Not In My Expertise's Backyard

Academics are a touchy lot. First, the liberal Roman Catholic academics who questioned the bona fides of a man who writes op-ed columns for — get this — the liberal New York Times!!!. Now, a history prof (thanks to John Fea) in Wales who faults Niall Ferguson for not showing poper deference to professional specialization in an op-ed column about Islam and Europe:

Gibbon, then, saw the demise of the Roman empire in the fifth century as a peculiarly western tragedy; it was also one that risked happening again. No modern specialist of the period would accept Gibbon’s analysis as anything more than the posturing of an Enlightenment intellectual decrying the forces of “superstition” and “barbarism”. That Ferguson chooses to do so fits neatly with the primacy and ascendancy of the West in his historical vision. In this he is not alone: a string of right-wing commentators in the United States have expounded a similar vision equating modern America with ancient Rome, and issuing dire warnings that it risks a similar fate. This perspective has been subject to withering deconstruction by the late Jack Goody, who argued in his The Theft of History (2006) that much of world history has been shoehorned into a narrative framework derived from and designed to satisfy the experience of the West. It also purposefully leaves out of the picture the dynamic interactions and genuinely shared histories of the West and the rest of the world. But that is not a story that suits an agenda of “us” pitted against “them”.

What’s odd about this quibbling is that I don’t suppose Dr. Humphries would disagree with Ferguson about the barbarity of the Paris attacks. So barbarism, as bad as that word it, carries a degree of plausibility after what we’ve seen from the efforts of ISIS.

Nor do I suspect Dr. Humphries would really dispute the primacy and the ascendancy of the West to which Ferguson appeals. Sure, Humphries likely laments that supremacy as much as Ferguson celebrates it. But would Europe and North America really be facing Islamic terrorists if not for the dominance of the West in the Middle East? In fact, would the West even be the source of a global political and economic order had not Europeans began to fight back against Muslims first in the Crusades and then in the Reconquista and beyond? Christopher Columbus’ discovery of the New World was partly inspired by a hope to find more precious metals to fund the defeat of Islam. Would Jack Goody’s point about the “theft of history” even make sense if not for the West (for good — my living in the U.S. — and for ill — slavery) dominating the globe?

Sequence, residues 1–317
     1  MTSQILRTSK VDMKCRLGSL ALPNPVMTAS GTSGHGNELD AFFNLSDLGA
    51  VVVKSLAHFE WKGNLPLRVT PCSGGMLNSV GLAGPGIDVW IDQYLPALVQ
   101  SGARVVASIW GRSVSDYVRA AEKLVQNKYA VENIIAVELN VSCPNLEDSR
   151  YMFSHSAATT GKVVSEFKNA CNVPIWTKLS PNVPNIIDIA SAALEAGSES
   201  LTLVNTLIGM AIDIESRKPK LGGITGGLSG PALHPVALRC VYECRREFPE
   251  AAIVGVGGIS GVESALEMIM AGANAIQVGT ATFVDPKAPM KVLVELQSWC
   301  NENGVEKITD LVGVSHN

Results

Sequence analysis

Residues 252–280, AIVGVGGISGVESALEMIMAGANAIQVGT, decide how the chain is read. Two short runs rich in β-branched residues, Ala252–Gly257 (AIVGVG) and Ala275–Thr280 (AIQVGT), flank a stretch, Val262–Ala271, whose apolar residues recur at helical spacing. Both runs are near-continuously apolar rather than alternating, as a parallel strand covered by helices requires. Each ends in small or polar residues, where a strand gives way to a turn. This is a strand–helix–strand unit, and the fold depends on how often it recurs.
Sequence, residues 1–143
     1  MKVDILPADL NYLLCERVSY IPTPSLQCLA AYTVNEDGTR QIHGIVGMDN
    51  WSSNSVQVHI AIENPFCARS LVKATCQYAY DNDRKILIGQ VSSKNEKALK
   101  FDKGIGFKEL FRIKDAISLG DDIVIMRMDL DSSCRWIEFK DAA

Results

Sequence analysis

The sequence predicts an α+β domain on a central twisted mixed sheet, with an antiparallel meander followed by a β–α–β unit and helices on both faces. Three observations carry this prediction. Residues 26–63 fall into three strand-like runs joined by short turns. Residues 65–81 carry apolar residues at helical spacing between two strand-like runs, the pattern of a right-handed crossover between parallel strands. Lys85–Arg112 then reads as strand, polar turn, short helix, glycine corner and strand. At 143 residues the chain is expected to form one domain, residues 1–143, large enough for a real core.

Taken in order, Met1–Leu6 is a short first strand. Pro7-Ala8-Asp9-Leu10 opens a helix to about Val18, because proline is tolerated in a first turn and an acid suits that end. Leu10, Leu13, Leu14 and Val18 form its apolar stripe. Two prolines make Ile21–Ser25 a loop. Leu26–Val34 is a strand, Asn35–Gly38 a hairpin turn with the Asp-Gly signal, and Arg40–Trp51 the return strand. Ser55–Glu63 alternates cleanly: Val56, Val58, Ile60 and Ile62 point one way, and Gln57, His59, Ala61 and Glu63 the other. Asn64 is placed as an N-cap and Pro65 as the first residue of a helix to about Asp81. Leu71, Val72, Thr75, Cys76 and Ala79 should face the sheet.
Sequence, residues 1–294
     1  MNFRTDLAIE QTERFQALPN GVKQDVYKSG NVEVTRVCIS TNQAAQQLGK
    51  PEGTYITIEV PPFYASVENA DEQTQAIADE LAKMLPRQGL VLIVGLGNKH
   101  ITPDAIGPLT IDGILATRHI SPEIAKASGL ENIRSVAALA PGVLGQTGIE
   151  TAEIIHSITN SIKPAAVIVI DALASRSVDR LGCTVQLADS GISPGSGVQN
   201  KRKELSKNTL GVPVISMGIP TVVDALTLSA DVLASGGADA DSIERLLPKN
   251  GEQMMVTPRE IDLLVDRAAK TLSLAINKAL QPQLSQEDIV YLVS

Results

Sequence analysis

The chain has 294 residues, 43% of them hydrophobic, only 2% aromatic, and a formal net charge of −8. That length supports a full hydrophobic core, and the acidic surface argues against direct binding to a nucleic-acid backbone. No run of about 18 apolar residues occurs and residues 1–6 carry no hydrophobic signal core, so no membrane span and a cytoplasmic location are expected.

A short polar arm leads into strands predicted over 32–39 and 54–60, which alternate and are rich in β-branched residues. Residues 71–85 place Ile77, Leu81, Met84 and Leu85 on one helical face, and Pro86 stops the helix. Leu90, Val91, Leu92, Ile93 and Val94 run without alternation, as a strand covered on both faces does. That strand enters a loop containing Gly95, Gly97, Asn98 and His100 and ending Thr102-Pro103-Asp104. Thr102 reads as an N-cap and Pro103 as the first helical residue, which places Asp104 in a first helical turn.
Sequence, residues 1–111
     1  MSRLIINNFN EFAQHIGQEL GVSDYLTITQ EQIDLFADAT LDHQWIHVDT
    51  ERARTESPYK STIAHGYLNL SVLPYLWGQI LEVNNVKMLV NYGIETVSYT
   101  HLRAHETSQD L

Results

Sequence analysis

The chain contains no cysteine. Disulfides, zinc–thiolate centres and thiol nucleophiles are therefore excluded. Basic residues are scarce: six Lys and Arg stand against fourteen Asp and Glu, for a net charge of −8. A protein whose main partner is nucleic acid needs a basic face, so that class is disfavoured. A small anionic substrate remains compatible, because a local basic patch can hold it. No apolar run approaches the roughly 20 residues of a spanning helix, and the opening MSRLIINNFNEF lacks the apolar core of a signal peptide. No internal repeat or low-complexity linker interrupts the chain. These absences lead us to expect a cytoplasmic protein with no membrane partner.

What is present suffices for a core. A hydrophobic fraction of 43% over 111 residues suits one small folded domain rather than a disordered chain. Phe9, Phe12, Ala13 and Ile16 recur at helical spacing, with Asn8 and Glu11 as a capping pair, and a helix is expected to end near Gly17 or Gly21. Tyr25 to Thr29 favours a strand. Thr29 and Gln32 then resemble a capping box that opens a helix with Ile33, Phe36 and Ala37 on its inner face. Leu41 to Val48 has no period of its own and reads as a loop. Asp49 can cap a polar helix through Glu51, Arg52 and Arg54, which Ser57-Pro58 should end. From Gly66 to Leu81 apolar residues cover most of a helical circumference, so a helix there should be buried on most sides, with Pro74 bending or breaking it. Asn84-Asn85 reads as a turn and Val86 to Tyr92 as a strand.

Again, that’s not to say that the West is innocent or should be celebrated. It doesn’t take a lot of historical imagination to appreciate Muslim resentment about the presence of Christians and westerners in formerly Muslim dominated territories. It may not even take much imagination to acknowledge that all people celebrate war and defeat of enemies — think the Battle of Lepanto and the Rosary. But simply to fault Ferguson for insensitivity to the standards of historical journals in the service of an op-ed piece while also failing to concede the sources of the historic opposition between Christendom and Islam, whether in its overtly Christian or secularized versions for Europeans, is to get lost in the weeds of academic pretense.

Would the French and Muslims be served better by reading historical monographs or by recognizing the antagonism divides them?

22 thoughts on “Not In My Expertise's Backyard

  1. DGH, you have to have a thick skin to be a public intellectual who does not toe the Orthodox post-modern multi-culti line. At least Ferguson is well compensated.

    I read the Ferguson piece yesterday and was inspired to buy the Kindle version of the Ward-Perkins book. I haven’t read it yet, but I have read the Peter Heather book Ferguson also references. There are a number of interviews with Ward-Perkins and reviews that emerge from a Google search. It seems to me that Ferguson treats them fairly, and then makes a point that is clearly his own. If I am a good enough reader to figure out where polemics takes over from peer reviewed academic history, isn’t Humphries?


  2. DGH, I catch your drift re: the West and am not unsympathetic to it. But, over the last 8 years, and particularly this last year, I have developed a deep appreciation for Western cardiology, so my ambivalence is much less than it used to be.


  3. DG link: failing to concede the sources of the historic opposition between Christendom and Islam. Would the French and Muslims be served better by reading historical monographs or by recognizing the antagonism divides them

    and so glad we have God’s word to inform, challenge, confound -God: sovereign,providential,plans never thwarted-man:fully responsible and accountable

    speaking of touchy-lot of-academics; Jesus-antagonism; eeeevangelicalizing- denouncing etc..
    good article here this am: